Laudatio Turiae ("In praise of Turia") is a tombstone engraved with a carved epitaph that is a husband's eulogy of his wife. It was made in the late 1st century BC. It portrays the love of a husband for his loyal wife.
The frequently moving eulogy inscribed on the stone is addressed from a husband to his deceased wife, lauding her virtues, self-sacrificing love, and unflinching loyalty toward him when she was still alive. The stone itself is broken, and parts have been found scattered around the city of Rome, although some sections remain lost. At 180 lines, the "Laudatio Turiae" is currently the longest surviving personal inscription from Classical Rome.
The inscription gives a unique insight into the late 1st century Roman world during the rise of Augustus Caesar, as its extended history of the life of the author's wife addresses many aspects of Roman society. The wife's selfless deeds in defense of her persecuted husband range from sending him jewelry and money when he was in exile to offering him a divorce so he could have an heir--she was unable to bear children. Her husband also lovingly describes her virtues, among which he includes weaving, obedience, faithfulness to family, and religious purity. According to the inscription, her first accomplishment worthy of praise was avenging her parents' murder, which gives a rather surprising look into the roles of women within the family and society. The husband also says the marriage was unusual, because it lasted forty years with her dying first while he was much older.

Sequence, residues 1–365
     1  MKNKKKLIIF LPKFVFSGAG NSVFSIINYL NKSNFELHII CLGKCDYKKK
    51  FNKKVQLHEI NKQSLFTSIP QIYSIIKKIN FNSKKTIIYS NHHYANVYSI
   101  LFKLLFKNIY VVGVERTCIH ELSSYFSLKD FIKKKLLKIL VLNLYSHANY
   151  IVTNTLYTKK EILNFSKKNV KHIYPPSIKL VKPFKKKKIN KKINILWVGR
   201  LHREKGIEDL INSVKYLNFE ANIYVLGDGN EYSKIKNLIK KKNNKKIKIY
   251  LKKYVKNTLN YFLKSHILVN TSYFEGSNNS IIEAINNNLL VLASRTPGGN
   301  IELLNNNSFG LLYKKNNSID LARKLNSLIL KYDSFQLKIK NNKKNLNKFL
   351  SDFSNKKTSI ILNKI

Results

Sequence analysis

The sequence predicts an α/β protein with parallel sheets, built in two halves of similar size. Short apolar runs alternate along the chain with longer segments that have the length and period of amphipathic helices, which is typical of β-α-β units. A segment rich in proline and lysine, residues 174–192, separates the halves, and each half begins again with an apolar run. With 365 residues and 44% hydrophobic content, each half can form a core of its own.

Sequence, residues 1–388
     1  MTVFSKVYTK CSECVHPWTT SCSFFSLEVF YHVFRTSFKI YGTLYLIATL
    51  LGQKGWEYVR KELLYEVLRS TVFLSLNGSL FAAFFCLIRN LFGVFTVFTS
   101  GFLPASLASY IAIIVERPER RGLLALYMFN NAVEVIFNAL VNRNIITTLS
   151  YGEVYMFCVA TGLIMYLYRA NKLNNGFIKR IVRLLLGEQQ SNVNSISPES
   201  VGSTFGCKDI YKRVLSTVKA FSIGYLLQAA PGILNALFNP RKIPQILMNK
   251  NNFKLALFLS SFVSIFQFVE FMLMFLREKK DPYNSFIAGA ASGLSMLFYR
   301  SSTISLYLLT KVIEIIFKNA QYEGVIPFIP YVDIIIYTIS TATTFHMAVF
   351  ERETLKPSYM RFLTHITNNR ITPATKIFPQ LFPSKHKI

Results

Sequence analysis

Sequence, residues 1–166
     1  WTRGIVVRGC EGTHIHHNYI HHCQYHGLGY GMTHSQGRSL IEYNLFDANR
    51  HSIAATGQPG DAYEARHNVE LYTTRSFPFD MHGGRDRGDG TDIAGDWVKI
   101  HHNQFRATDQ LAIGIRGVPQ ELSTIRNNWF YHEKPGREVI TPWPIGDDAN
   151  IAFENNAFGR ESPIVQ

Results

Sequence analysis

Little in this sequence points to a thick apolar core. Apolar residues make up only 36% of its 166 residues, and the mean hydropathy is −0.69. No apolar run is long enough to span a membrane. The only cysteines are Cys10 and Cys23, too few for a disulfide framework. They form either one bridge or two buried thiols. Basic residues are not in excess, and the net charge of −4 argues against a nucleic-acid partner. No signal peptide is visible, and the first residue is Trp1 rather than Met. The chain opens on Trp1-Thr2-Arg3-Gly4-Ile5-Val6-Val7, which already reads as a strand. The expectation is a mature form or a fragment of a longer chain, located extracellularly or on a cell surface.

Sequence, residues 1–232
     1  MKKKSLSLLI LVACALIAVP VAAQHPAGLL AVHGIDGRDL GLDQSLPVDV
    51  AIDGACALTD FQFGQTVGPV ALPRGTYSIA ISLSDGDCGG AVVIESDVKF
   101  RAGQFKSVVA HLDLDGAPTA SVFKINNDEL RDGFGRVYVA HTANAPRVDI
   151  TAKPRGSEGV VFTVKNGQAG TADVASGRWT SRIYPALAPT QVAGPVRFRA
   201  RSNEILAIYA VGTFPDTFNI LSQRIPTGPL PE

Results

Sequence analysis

This inscription is traditionally known as the "Laudatio Turiae," "The Praise of Turia," because its subject was generally identified with Turia, the wife of Quintus Lucretius Vespillo, consul in 19 BC, on the basis of comparison with the histories of Valerius Maximus (6, 7, 2) and Appian (Bell.civ. 4, 44), which report that Turia saved her husband in much the same way described in the inscription. William Warde Fowler stated, "...there is a very strong probability that her name was Turia, and that he was the certain Q. Lucretius Vespillo..."
However, the extant remains of the Laudatio Turiae are missing the fragmented piece that contains the identities of both the husband and wife, so they are not actually named on the extant inscription. As a result, the identification with Turia is no longer generally accepted.
...has traditionally been assigned to this Turia, but this is now generally rejected and there are no good arguments for the identification.